These anonymous transactions take place using the NavTech subchain. This unique solution enables a user to send NAV to a recipient via a subchain of the main blockchain. The transaction is encrypted, and the sender transmits the NAV for the transaction to the NavTech subchain, instead of sending it directly to the recipient. The NavTech subchain involves multiple servers and layers of encryption passing the transaction around. NavTech then sends the final payment to the recipient from a token pool that the NavTech contract manages. The original tokens from the sender are not the same as the tokens the recipient receives.
The layered encryption and mixing in a managed token pool is NavCoin’s privacy method. It ensures no one can follow a NavTech transaction to its final destination. The NavCoin plans to continuously implement even more robust privacy measures like fake transactions and dummy accounts that increase the circulation of NAV through the NavTech subchain, further obfuscating the trail of real transactions.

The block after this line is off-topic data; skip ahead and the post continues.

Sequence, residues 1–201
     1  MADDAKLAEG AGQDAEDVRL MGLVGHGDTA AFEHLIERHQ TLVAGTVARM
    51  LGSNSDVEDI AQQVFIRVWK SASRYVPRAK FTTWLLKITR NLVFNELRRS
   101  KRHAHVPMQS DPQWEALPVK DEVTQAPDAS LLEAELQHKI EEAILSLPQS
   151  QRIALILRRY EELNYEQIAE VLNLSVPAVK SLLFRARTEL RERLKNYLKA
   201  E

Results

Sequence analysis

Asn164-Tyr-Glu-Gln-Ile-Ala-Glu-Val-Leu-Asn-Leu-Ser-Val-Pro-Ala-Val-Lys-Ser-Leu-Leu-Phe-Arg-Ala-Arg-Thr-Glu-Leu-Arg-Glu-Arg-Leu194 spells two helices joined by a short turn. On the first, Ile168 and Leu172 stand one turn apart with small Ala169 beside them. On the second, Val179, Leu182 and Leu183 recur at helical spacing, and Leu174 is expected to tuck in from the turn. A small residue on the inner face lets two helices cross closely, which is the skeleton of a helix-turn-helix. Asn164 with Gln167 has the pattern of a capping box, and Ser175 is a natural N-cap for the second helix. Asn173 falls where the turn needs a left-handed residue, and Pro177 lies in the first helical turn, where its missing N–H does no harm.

In addition to privacy measures in the development pipeline, NavCoin also has projects under development that will turn it into more than just a currency. The Valence Platform is a sister project to NavCoin. It powers the NavTech subchain and also provides functionality for many other uses. Valence seeks to be the first anonymous platform for decentralized apps.
In contrast to other decentralized apps platforms, however, Valence does not use a virtual machine. Instead of coding in an environment hosted on the blockchain, Valence aims to allow developers to code directly to the blockchain. This is a tricky proposition, and there are all kinds of safety concerns that the development team is tackling. Valence, of course, operates a separate blockchain from NavCoin. However, they do interface.